Are Ivies worth it?
by Kauser Adenwala
Princeton, Harvard, Columbia, Dartmouth, Yale, Brown, University of Pennsylvania, and Cornell are eight of the most prestigious universities in the world, notably known as the Ivy Leagues. With each Ivy’s tuition ranging from $40,000-$65,000 a year, financial aid and loans are discussed quite frequently. Not all Ivy students and their families can afford this expensive tuition, but at the same time, they do not qualify for financial aid. This is when the big question arises: is an Ivy League education worth it?
The answer is: it depends. There are so many factors related to attending an Ivy League school that it depends on the situation and the person. Whether someone that thrives off of competition (AKA you want to throw yourself into the jungle of geniuses) or not, they will soon realize that the Ivies are schools that tailor to only the best of the best. Only the students that are willing to handle the chaotic competition make it in the real world, which is supposedly the world of big business corporations and harsh realities. Some classmates will become competition, not friends.
And here is the thing: Ivies have been said to be “hand-holders,” for the students attending their schools. These students have been fed on a silver platter and some only care about the position, not the development of ideas. William Deresiewicz, a professor from Yale, shared his prospective on students studying at Ivy Leagues. He says, “I taught many wonderful young people during my years in the Ivy League—bright, thoughtful, creative kids whom it was a pleasure to talk with and learn from. But most of them seemed content to color within the lines that their education had marked out for them. Very few were passionate about ideas. Very few saw college as part of a larger project of intellectual discovery and development. Everyone dressed as if they were ready to be interviewed as a moment’s notice.” A survey of college freshman recently revealed that their emotional well-being has curtailed to their lowest level.
Also, the pressure at these prestigious schools is ridiculous. However, this does not necessarily apply to everyone – there are some students that are from the upper-class and are ambitious, hard-working, and intelligent. An Ivy can change a student’s life for the better, but there is a price to be paid for that. A person will have to fight for their happiness constantly. They are going to have a troublesome time finding "real" people, and are going to sleep very, very little. For someone who likes neutrality, an Ivy is not the place for them. If one relaxes even for one bit, they fall behind and it’s difficult to catch up. There’s no time to sit back and “find yourself.” So if that is what someone is looking for, these schools are not for them. If someone is destined for success, they can excel at many institutions. A college acceptance letter does not absolutely guarantee future greatness.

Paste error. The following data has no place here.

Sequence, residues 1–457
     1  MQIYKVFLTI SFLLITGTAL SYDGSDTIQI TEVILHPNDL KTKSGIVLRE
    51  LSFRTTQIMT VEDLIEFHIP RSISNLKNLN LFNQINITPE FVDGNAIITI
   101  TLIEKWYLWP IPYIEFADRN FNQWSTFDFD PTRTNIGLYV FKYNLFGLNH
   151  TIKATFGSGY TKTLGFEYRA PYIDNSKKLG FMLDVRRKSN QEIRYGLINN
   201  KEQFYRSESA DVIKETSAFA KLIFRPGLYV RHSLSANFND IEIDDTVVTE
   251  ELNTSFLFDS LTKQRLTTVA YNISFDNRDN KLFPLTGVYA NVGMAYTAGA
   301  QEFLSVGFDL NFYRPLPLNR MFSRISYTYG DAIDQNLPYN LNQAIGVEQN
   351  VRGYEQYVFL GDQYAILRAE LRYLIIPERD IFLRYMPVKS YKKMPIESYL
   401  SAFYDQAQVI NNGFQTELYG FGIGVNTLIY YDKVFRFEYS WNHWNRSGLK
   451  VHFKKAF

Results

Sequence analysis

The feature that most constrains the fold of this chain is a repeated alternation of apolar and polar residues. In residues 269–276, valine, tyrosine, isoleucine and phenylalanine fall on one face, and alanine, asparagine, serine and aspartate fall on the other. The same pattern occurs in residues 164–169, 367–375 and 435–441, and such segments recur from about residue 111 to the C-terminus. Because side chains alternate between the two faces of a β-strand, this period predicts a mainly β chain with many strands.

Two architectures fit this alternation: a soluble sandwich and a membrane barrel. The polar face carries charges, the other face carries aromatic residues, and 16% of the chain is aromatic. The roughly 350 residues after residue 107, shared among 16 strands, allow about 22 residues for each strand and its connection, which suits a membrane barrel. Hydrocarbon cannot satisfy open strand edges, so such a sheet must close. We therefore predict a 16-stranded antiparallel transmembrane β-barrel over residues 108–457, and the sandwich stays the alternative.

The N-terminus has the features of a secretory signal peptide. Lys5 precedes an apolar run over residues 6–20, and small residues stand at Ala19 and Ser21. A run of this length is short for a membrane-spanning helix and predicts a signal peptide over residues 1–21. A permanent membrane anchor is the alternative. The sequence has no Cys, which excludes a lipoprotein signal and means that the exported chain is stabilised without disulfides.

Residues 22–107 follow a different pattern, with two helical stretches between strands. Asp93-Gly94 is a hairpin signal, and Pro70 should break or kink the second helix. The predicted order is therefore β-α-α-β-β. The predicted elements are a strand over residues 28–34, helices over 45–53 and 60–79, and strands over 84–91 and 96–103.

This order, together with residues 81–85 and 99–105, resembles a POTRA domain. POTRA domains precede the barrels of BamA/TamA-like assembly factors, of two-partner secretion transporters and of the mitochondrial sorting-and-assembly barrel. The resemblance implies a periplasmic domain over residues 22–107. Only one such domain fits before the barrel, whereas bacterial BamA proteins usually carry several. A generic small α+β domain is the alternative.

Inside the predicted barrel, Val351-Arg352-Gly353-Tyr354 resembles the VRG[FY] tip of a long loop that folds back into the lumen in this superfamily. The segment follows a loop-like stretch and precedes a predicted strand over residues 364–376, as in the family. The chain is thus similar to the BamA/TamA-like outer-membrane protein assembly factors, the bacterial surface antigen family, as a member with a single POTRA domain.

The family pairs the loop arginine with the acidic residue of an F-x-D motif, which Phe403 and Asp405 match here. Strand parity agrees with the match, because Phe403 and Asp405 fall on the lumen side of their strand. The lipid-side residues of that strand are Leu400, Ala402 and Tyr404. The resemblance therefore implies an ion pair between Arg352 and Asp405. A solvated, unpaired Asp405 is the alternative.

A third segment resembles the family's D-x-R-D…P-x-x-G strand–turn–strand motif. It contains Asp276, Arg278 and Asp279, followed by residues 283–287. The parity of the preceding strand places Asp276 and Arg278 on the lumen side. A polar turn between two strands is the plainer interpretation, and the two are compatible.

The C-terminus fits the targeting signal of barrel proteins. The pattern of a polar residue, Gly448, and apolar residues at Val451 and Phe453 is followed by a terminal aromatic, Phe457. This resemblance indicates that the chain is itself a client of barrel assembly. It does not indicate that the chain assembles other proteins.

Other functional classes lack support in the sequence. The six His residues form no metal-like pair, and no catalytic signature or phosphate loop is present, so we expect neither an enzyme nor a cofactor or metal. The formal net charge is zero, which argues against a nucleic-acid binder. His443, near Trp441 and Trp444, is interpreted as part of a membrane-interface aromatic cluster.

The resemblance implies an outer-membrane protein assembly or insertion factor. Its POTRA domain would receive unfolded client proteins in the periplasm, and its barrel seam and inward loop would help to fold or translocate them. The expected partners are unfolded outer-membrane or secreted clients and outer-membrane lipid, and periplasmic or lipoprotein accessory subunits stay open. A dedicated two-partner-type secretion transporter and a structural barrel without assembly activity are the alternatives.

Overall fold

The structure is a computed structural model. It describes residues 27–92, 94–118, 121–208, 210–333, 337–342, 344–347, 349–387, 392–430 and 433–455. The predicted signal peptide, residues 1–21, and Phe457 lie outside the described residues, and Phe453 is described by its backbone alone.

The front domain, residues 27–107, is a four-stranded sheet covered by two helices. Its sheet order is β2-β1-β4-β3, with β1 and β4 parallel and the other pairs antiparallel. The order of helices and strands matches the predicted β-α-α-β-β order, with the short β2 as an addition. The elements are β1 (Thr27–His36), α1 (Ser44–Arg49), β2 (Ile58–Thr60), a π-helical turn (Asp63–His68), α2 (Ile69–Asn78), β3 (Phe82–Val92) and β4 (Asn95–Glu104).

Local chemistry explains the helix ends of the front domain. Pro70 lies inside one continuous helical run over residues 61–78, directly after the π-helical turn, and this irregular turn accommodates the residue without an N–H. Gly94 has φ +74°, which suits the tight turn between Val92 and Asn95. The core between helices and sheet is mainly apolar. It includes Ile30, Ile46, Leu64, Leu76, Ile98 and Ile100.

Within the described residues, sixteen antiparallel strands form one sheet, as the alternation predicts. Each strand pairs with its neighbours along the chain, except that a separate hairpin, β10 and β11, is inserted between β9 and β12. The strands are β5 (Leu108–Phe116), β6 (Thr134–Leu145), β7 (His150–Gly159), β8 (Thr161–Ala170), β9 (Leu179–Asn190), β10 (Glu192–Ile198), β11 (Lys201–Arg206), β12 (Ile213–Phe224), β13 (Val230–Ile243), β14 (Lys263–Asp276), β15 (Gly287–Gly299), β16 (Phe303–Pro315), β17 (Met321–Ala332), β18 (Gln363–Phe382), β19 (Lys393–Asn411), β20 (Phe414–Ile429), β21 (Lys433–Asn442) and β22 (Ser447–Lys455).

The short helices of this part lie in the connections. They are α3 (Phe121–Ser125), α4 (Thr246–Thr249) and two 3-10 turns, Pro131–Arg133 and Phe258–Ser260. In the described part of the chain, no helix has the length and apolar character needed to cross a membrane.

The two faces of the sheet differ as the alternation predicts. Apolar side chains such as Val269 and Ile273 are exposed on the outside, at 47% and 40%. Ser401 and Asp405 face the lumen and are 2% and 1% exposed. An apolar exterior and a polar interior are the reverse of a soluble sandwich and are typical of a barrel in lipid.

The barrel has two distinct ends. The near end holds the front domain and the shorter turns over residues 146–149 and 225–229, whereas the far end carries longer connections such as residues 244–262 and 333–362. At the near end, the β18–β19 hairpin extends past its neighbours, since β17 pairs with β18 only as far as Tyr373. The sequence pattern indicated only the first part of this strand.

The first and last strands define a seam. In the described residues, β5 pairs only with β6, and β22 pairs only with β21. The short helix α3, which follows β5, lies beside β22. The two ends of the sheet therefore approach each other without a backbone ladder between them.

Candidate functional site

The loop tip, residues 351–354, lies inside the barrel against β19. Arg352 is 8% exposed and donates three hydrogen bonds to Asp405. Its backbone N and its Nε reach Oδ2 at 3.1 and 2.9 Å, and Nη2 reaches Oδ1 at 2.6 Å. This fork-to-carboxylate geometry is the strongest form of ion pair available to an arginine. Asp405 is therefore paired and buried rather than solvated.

Ivies Are Worth It
Any student who has ever wanted to succeed and dream big has dreamed about attending an Ivy League school. After all, these schools are the big fish, notorious for higher education, the almighty. No matter who their future employer is, they have heard of or know of the Ivies. They’d have to live under a rock to not have heard of them.
As it turns out, 4 of the 8 Ivies were among the top 25 schools with the best ROI (Return on Investment). Newly established grads of Princeton, Harvard, Dartmouth and UPenn earn an average starting salary of over $50,000, even in a stagnant economy, due in large part to well-paid opportunities in fields like finance and management consulting. And the 30-year return-on-investment for those Ivy degrees? Upwards of $1.2 million, two times higher than that of the median ROI for schools on Payscale’s list — further justifying the expenditure. These schools simply cannot be overlooked on an application.
The degree is certainly and absolutely going to be worth it; an education can never be rendered worthless. However, not every graduate of an Ivy League school finds a job immediately; that would be too good to be true. But graduates of Ivy League schools have a better chance of finding a job than someone who did not go to as prestigious of a school as an Ivy League. On average, Ivies accept about 8% of the applicants, which means they accept every 8 students out of 100. The only schools that are in competition with the Ivies are Stanford, Amherst, Williams, Carnegie Mellon, MIT and small colleges that have acceptance rates ranging from 4% to 14%. If you graduate from an Ivy and do not have a job waiting for you, it’s almost shameful. Ivies have this reputation that seemingly deems them as utterly successful.
But if you have the fortitude to stay above the pressure that rides along with attending these Ivies, you will develop a crazy work ethic, be taught by world-class professors, and meet few genuine people of the many insincere. An Ivy’s reputation of higher education is distinguished and esteemed. These prominent schools are definitely worth it.